Note here that “troz” stands for “troy ounce.” Underneath all this, Harriot sketched a table of the decimal numbers 1 to 16 in binary notation and worked out three examples of multiplication in binary: 109 × 109 = 11881, 13 × 13 = 169, and 13 × 3 = 39; see Figure 1.

Figure 1
figure 1

Thomas Harriot’s binary multiplication [3, Harriot, Add. Mss. 6788, 244v]. Courtesy of the British Library Board.

So far as I know, the only person who has attempted to explain Harriot’s transition from weighing experiments to the invention of binary is Donald E. Knuth, who writes:

Clearly he [Harriot] was using a balance scale with half-pound, quarter-pound, etc., weights; such a subtraction was undoubtedly a natural thing to do. Now comes the flash of insight: he realized that he was essentially doing a calculation with radix 2, and he abstracted the situation [4, p. 241].

While Knuth is mistaken about the size of weights used, apparently missing the abbreviation “troz” (= troy ounce) and taking the glyph
to refer to pound rather than ounce, his suggestion regarding Harriot’s “flash of insight” looks plausible. But it is possible to go further, because it is unlikely that Harriot hit upon binary notation simply because he was using weights in a power-of-2 ratio, something that was a well-established practice at the time. Equally if not more important was the fact that he recorded the measurements made with these weights in a power-of-2 ratio too. For when recording the weights of the various part-ounce measures, Harriot used a rudimentary form of positional notation, in which for every position he put down either the full place value or 0, depending on whether or not the weight in question had been used. Hence when weighing the first “glass and water,” Harriot’s result is equivalent to:

Position:

Ounces

(frac{1}{2}) ounces

(frac{1}{4}) ounces

(frac{1}{8}) ounces

(frac{1}{16}) ounces

Grains

Harriot’s measurement:

11

(frac{1}{8})

28

Or indeed, if we just focus on the part-ounces and express them as powers of 2:

2–1 ounce

2–2 ounce

2–3 ounce

2–4 ounce

2–3 ounce

From such a method of recording weights in a power-of-2 ratio, it is but a very small step to binary notation, in which, instead of noting in each position either 0 or the full place value, one simply puts down either 0 or 1 depending on whether or not the weight in question was needed. Harriot’s invention of binary therefore owed at least as much to his own idiosyncratic form of positional notation for recording part-ounce weights as it did to his use of those weights.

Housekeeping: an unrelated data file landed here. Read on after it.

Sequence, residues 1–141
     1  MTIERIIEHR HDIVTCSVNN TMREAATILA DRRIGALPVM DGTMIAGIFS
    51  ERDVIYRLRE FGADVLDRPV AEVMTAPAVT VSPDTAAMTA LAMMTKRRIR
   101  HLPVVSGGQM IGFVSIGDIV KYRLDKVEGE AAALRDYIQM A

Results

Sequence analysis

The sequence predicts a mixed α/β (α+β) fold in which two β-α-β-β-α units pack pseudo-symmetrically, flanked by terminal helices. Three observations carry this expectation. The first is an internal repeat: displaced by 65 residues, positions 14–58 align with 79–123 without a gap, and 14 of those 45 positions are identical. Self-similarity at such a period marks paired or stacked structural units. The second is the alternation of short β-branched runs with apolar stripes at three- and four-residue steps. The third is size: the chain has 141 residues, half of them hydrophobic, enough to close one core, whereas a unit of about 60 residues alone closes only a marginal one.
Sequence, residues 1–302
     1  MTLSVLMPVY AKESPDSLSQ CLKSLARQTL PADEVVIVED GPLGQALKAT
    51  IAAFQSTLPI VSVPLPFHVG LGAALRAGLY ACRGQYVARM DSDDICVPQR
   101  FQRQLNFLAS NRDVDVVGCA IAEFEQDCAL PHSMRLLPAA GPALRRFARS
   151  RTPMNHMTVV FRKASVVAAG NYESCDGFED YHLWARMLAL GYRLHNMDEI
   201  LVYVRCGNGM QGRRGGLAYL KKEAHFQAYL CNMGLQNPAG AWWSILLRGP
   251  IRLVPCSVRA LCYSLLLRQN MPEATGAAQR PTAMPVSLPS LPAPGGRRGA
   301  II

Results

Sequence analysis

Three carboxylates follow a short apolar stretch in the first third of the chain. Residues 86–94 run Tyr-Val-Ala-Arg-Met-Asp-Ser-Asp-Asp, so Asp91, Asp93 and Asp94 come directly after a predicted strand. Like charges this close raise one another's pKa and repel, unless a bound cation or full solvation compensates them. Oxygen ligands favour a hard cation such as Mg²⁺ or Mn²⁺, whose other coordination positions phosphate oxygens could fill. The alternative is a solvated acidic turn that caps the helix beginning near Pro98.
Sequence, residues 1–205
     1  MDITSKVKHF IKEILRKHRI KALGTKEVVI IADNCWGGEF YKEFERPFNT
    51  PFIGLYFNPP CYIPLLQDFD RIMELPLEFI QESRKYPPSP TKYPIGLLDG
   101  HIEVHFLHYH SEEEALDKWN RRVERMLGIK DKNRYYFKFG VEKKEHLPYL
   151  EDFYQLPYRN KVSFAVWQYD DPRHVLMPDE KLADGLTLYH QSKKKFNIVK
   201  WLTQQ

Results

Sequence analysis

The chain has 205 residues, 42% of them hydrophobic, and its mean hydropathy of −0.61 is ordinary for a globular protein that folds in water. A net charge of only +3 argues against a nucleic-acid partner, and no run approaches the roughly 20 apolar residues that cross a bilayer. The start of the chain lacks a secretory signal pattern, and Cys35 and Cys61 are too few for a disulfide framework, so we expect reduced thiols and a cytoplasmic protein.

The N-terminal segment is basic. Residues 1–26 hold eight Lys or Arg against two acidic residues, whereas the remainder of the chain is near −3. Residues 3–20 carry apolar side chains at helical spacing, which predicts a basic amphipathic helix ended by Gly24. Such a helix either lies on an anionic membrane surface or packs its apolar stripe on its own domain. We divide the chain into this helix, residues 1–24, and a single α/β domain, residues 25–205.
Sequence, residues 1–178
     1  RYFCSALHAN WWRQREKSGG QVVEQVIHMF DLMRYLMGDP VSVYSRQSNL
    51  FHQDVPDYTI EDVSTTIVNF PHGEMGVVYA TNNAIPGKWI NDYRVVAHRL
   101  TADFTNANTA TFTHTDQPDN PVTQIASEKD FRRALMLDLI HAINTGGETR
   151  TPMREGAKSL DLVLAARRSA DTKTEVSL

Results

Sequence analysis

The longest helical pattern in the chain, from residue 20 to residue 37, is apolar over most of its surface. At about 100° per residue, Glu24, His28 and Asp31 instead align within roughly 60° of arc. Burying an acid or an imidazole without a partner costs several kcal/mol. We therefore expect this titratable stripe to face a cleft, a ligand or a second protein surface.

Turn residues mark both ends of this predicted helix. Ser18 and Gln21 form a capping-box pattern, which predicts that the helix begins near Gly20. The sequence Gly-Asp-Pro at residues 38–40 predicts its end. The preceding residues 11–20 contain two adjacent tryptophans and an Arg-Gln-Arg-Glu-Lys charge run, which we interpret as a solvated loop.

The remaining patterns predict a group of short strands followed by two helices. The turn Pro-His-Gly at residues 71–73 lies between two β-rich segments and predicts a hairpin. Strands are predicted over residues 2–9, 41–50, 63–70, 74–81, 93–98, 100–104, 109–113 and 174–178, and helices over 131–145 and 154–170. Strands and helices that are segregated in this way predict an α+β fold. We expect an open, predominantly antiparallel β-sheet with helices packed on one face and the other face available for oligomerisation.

One oddity with Harriot’s “flash of insight” is that it did not lead him to binary expansions of reciprocals, which is what his notation is closest to. That is, he did not represent (frac{1}{2}) ounce as [0].1, (frac{1}{4}) ounce as [0].01, (frac{1}{8}) ounce as [0.]001, or (frac{1}{16}) ounce as [0].0001. Instead, he continued to use decimal fractions to record the part-ounce weights in his weighing experiments. So although binary was an outgrowth of Harriot’s idiosyncratic method of recording part-ounce weights, at no point did he use binary to record these weights. From that we may surmise that he did not think binary notation offered greater convenience or clarity than his own method of recording part-ounce weights.

Yet Harriot was sufficiently intrigued by his new number system to explore it over a further four manuscript pages, working out how to do three of the four basic arithmetic operations (all but division) in binary notation. On one sheet, Harriot wrote examples of binary addition (equivalent to 59 + 119 = 178 and 55 + 114 = 169) and subtraction (equivalent to 178 – 59 = 119 and 169 – 55 = 114) and the same example of multiplication in binary (109 × 109) as above, this time solved in two different ways (Harriot, Add. Mss. 6786, 347r). On a different sheet, he converted 11011012 to 109, calling the process “reduction,” and then worked through the reciprocal process, called “conversion,” of 109 to 11011012 (Harriot, Add. Mss. 6786, 346v). On yet another sheet, he jotted down a table of 0 to 16 in binary, a simple binary sum: 100000 + [0]1[00]1[0] = 110010 (i.e., 32 + 19 = 51), and another example of multiplication, 101 × 111 = 100011 (i.e., 5 × 7 = 35) (Harriot, Add. Mss. 6782, 247r). And on a different sheet again (reproduced below), he drew a table of 0 to 16 in binary, another with the binary equivalents of 1, 2, 4, 8, 16, 32, and 64, gave several examples of multiplication in binary (equivalent to 3 × 3 = 9; 7 × 7 = 49; and 45 × 11 = 495), and produced a simple algebraic representation of the first few terms of the powers of 2 geometric sequence (see Figure 2):